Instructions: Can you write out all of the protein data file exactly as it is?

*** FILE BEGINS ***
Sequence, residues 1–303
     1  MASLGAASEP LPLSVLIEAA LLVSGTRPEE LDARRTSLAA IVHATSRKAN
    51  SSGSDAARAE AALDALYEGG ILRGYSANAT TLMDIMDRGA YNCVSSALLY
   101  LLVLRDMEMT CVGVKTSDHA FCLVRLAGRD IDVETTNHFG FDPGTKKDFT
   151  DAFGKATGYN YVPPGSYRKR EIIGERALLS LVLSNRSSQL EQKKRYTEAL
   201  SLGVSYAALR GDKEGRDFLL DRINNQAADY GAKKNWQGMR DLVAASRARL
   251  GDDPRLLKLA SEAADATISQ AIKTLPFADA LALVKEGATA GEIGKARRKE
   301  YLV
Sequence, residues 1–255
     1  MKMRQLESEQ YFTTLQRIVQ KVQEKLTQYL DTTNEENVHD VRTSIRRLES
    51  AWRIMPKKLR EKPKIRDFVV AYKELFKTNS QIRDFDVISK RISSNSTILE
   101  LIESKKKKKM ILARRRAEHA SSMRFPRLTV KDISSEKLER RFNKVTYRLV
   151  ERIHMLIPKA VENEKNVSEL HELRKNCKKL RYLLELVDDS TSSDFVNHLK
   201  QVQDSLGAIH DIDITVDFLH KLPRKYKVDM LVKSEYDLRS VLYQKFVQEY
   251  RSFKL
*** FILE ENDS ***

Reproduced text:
Sequence, residues 1–303
     1  MASLGAASEP LPLSVLIEAA LLVSGTRPEE LDARRTSLAA IVHATSRKAN
    51  SSGSDAARAE AALDALYEGG ILRGYSANAT TLMDIMDRGA YNCVSSALLY
   101  LLVLRDMEMT CVGVKTSDHA FCLVRLAGRD IDVETTNHFG FDPGTKKDFT
   151  DAFGKATGYN YVPPGSYRKR EIIGERALLS LVLSNRSSQL EQKKRYTEAL
   201  SLGVSYAALR GDKEGRDFLL DRINNQAADY GAKKNWQGMR DLVAASRARL
   251  GDDPRLLKLA SEAADATISQ AIKTLPFADA LALVKEGATA GEIGKARRKE
   301  YLV
Sequence, residues 1–255
     1  MKMRQLESEQ YFTTLQRIVQ KVQEKLTQYL DTTNEENVHD VRTSIRRLES
    51  AWRIMPKKLR EKPKIRDFVV AYKELFKTNS QIRDFDVISK RISSNSTILE
   101  LIESKKKKKM ILARRRAEHA SSMRFPRLTV KDISSEKLER RFNKVTYRLV
   151  ERIHMLIPKA VENEKNVSEL HELRKNCKKL RYLLELVDDS TSSDFVNHLK
   201  QVQDSLGAIH DIDITVDFLH KLPRKYKVDM LVKSEYDLRS VLYQKFVQEY
   251  RSFKL